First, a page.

State economy stirs in some sectors

Colorado’s economy continued to show signs of improvement so far this year thanks to a boost in tourism, a robust agricultural market and some recovery in the energy industry, state economists said Monday.

Nonfarm employment in the state and consumer spending have begun to increase at rates faster than the rest of the nation, signaling that the state’s economy is gaining momentum, said Natalie Mullis, chief economist for the Legislative Council.

Despite that, however, there are still some parts of the state’s economy that are resisting recovery, including slow growth in small and medium-sized businesses because of tight credit and a struggling real estate market, she said.

“We still have expectations for a growing economy with lots of evidence for a real economy that is beginning to get solid footing and gain momentum,” Mullis told the Legislature’s Joint Budget Committee. “We also have evidence of a lot of imbalances in the economy that is going to slow that growth over the next several years.”

State revenue is expected to be about $179 million higher by the end of the next fiscal year, which will begin July 1. That will mark the first time since 2008 the Legislature won’t have to cut the budget to bring it into balance.

The increase also means the state can go ahead with a plan to allocate an additional $67.5 million to public schools for the next fiscal year, mitigating the overall budget cuts to K–12 from $225.5 million to $160 million.

But while Colorado’s economy is starting to find its feet again, recovery for the Western Slope remains elusive, Mullis said.

Unemployment in the region has fallen slightly, but it’s happening at a time when energy drilling has leveled and construction activity remains virtually nonexistent, she said.

The only other good sign for the region was in consumer spending, she said. After posting a 19.1 percent drop in sales in 2009, the biggest decline of all areas of the state, consumer spending stabilized last year and now shows an upward trend.

Henry Sobanet, director of the Office of State Planning and Budgeting, agreed with Mullis’ outlook, but pointed out the state still has a way to go to make up the losses of the past few years. He said while state revenue is expected to be up in 2012 compared with this year, it’s still about $355 million under what it was in 2008 when the recession began.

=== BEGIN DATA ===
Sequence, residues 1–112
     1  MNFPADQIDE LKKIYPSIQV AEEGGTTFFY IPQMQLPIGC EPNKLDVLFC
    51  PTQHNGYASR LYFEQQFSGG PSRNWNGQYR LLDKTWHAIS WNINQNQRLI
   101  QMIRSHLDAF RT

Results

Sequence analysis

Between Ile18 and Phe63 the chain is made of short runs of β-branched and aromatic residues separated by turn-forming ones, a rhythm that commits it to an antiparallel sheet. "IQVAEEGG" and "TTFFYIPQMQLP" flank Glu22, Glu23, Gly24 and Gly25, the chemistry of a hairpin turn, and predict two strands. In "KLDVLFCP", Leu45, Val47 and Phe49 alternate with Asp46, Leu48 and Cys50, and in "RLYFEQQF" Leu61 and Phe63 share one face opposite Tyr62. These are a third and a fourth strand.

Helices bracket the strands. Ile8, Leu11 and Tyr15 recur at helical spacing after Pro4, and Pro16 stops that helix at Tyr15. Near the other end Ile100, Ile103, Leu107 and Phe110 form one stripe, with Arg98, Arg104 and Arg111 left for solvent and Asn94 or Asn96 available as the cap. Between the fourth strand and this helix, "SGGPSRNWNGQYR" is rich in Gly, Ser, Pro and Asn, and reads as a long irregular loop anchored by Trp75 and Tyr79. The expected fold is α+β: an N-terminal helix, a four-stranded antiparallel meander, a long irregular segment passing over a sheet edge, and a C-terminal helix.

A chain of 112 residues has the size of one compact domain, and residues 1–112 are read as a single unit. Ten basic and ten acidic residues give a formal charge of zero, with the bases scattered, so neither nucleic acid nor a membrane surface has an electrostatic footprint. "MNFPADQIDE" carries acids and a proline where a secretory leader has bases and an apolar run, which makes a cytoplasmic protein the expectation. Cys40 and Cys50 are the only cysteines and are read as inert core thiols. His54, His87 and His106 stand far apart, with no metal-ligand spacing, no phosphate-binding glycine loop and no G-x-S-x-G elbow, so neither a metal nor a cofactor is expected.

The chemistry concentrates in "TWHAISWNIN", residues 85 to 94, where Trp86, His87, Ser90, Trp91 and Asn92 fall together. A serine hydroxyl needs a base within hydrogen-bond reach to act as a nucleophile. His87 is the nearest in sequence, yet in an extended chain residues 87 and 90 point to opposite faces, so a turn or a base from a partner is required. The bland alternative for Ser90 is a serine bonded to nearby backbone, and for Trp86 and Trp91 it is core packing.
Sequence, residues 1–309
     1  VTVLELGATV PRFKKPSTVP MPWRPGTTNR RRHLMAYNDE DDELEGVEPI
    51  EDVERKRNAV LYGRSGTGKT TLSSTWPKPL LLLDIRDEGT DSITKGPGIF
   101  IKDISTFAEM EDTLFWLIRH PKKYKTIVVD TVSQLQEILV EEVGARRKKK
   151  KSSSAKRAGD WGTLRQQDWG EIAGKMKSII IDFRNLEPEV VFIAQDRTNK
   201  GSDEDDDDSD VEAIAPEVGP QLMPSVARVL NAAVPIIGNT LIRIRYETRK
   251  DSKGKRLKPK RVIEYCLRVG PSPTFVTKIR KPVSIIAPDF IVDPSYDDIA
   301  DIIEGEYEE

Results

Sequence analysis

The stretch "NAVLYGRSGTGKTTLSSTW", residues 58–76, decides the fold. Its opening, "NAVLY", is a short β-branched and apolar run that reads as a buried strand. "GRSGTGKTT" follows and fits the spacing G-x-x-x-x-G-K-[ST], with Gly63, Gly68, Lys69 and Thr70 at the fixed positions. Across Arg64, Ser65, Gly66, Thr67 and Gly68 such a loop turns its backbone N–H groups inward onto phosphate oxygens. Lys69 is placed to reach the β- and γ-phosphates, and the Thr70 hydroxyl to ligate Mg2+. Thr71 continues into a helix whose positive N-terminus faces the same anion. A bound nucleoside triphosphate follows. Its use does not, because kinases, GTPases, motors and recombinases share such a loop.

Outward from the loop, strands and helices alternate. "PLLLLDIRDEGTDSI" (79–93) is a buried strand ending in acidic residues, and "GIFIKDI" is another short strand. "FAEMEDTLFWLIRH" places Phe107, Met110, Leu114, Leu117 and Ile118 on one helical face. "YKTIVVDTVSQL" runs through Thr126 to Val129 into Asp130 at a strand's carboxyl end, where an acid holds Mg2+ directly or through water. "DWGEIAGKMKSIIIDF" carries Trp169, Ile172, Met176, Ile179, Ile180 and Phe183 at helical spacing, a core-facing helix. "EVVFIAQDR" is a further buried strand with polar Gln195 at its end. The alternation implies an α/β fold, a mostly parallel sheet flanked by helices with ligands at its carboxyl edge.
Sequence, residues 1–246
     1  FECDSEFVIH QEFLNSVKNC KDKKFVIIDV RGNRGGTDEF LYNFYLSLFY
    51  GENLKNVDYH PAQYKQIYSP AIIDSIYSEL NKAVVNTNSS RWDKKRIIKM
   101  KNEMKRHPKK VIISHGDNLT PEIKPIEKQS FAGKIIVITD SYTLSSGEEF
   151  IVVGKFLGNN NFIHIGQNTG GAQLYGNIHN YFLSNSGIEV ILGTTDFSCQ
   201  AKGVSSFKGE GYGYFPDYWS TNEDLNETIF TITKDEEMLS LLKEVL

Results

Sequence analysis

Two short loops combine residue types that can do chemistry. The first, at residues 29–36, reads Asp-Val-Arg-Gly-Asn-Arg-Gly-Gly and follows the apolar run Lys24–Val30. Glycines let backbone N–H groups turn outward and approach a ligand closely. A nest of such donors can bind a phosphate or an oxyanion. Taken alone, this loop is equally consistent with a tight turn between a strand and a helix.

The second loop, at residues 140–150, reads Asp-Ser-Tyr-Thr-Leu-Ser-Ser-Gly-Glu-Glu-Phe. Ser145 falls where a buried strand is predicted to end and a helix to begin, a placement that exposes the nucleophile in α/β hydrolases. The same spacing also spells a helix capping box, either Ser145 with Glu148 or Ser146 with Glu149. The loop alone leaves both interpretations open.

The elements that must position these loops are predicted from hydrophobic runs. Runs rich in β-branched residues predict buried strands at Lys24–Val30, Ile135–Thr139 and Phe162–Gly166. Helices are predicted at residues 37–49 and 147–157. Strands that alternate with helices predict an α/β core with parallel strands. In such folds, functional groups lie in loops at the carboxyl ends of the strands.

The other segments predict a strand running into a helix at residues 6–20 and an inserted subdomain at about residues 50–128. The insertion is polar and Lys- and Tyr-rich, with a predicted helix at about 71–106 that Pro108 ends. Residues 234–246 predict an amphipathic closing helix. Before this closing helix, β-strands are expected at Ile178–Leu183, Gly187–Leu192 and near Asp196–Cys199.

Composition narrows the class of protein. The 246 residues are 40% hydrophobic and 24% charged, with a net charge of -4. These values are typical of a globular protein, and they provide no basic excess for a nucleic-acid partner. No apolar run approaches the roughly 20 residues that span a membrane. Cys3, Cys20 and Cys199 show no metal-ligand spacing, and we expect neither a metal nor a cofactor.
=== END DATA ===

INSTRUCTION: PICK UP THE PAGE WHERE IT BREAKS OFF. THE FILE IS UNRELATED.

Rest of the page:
Sobanet said “negative forces” weighing on the economy and high foreign debt on the global market could stall the state and U.S. economies.

Rep. Mark Ferrandino, D-Denver and a Joint Budget Committee member, said while the overall news may be promising, people need to remember that next year’s estimated surplus is based on billions of dollars in cuts in the past three years.

“While we’re seeing more revenue, that doesn’t include case load growth, it doesn’t include (education spending) forecasts and other statutory provisions,” he said. “Most likely as we look forward, we will still be having to cut in 2012–13 and making significant difficult decisions.”

Mullis said a major part the economy’s inability to fully recover continues to be because of the state’s housing market. She said that will continue to be a drain on the economy for three to five years, saying that while foreclosures have lessened in recent months, they still are at abnormally high levels.

“What we have right now is a housing market that is in a very nervous state of disequilibrium,” Mullis said. “You have a lot of people out there looking for a house, you’ve got a lot of houses that have been on the market for a long time, but no one is buying. Either they can’t find the credit because the credit market for potential home buyers is still very, very tight, or the homeowner’s not willing to drop the price far enough to actually get the house to sell.”


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